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I’m hosting a live energy roundtable on Monday with execs from Shell, Facebook, and other big firms, you know, in case CERAWeek wasn’t enough.
It should be great! We’ll discuss whether oil giants still deserve their bad reputations, how companies can generate returns as they pivot to renewables, and what tech breakthroughs we need to clean up the grid. And it’s just 30 minutes. You can sign up here.
Anyway, this week was another week.
We got a few more details on Exxon’s strategy during the company’s investor day Wednesday (though not much of what it announced is new). And the fallout from the Texas storm – now expected to be the most expensive weather event in the state’s history – continues to spread.
Exxon is chasing what it calls a $US2 ($3) trillion carbon-capture opportunity
Once skeptical of betting big on carbon-capture technology, Exxon says it’s ready to go all-in.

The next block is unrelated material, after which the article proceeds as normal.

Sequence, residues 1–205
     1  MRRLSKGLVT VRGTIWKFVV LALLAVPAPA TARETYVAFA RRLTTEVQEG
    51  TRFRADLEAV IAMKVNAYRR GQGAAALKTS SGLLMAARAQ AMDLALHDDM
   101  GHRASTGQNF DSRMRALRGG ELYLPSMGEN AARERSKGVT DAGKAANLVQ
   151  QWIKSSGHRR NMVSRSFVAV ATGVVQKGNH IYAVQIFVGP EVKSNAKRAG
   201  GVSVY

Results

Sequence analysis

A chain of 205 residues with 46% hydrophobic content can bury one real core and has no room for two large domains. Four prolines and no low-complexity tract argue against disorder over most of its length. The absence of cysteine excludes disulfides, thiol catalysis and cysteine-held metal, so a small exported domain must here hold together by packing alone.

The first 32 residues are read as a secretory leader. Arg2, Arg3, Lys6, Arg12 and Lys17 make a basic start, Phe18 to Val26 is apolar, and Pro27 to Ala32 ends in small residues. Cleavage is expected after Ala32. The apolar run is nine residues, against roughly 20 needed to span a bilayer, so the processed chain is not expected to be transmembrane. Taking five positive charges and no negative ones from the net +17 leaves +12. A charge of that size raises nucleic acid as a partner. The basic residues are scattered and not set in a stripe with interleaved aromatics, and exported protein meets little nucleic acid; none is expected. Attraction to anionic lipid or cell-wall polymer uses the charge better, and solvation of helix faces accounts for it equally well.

During an investor presentation Wednesday, Darren Woods said advances in the technology and a “growing market need” have created a unique opportunity for Exxon.
- That opportunity has a big price tag: Carbon capture will be a $US2 ($3) trillion market by 2040, Exxon said.
- Woods also said this week that the company is supportive of the goal to reach net-zero emissions and commented on two new board members that the firm announced Monday.
Call and response: The reality is that Exxon had to do something. For months now, investors and activists have been calling on the company to address its enormous carbon footprint at a faster clip.
- The investors Engine No. 1 and D.E. Shaw, in addition to a coalition of shareholders with $US2 ($3).5 trillion under management, are among the groups pushing for change.